Back to nostalgia.  It is worthwhile exploring what I refer to when using this term.  Before doing so, let’s consider what people generally understand it to mean.  Nostalgia as a concept seems to crop up in many places.  In fact, it might be seen as being the new buzzword.  For my colleagues and me, this is unfortunate as the true meaning of ‘nostalgia’, or more accurately ‘nostalgic recall’, is very specific and has powerful psychological effects.

Again, I digress.  So, nostalgia.  What is?

The origins of the word ‘nostalgia’ bear little resemblance to the common interpretation of the word.  It derived from two Greek words, nostos (return home) and algos (pain), and was first coined in the 17th Century to describe soldiers’ poor state of mind during the time of war where many experienced an overwhelming longing to return to their homeland.  Initially, it was looked upon as a somewhat negative state to find oneself in.  Now, nostalgia is getting better press.  So much so that, as one leading expert describes it, nostalgia is “absolutely central to human experience“.  That quote was by Constantine Sedikides, to whom I shall return very soon.

When you ask for synonyms of ‘nostalgia’ in your preferred search engine,  you see listed terms such as wistfulness, longing, regret, reminiscence, and sentimentality.  The Oxford English Dictionary defines it as, “Sentimental longing for… the past.”  A nostalgic memory is something that is meaningful and generally positive.  It is a specific memory of an occasion that holds high personal value.  It is a memory that can be brought vividly back to one’s mind by a particular trigger.  This could be a certain smell, taste, location, or myriad other forms of stimuli.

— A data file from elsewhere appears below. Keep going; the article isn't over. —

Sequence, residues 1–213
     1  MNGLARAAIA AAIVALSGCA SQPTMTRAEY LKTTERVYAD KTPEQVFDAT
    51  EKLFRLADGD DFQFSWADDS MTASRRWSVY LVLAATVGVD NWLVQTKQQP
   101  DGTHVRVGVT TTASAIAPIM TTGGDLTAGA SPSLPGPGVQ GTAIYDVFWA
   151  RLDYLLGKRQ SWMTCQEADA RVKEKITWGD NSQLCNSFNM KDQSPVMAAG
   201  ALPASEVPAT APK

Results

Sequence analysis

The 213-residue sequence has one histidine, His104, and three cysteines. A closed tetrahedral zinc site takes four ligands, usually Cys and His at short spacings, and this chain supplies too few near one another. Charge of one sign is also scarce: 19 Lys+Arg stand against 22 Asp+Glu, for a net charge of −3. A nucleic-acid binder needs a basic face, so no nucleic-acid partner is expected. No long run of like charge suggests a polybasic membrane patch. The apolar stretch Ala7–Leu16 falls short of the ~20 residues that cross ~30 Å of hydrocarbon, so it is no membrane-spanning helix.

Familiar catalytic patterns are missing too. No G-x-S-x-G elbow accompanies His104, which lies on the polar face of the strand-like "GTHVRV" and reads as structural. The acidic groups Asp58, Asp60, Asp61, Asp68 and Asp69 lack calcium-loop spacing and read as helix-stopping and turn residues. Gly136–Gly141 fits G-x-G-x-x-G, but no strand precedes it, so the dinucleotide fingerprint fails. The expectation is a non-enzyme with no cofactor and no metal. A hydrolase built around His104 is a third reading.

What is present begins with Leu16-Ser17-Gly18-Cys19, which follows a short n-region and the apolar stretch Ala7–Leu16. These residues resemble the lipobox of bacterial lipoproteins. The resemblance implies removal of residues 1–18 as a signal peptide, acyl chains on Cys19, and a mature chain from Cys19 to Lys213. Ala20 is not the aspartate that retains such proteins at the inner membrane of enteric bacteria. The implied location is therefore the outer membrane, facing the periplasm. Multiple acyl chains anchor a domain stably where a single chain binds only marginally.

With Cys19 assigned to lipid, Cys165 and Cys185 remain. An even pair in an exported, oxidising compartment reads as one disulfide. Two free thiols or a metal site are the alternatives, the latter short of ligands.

There is another component to this definition that I left out, where nostalgia also describes a “regretful memory of a period of the past”.

There is a sense, then, that nostalgic memories can be bittersweet in nature.  The memory you bring to mind is powerful, full of positive emotions, but there might also be a sense of dismay or sorrow that you are recalling a memory of a time that is now past, reflecting a life once lived.  However, a characteristic of nostalgic memories is that, although there may be an initial sadness evoked by it, positive emotions associated with the event win through in the end leaving the person feeling strengthened.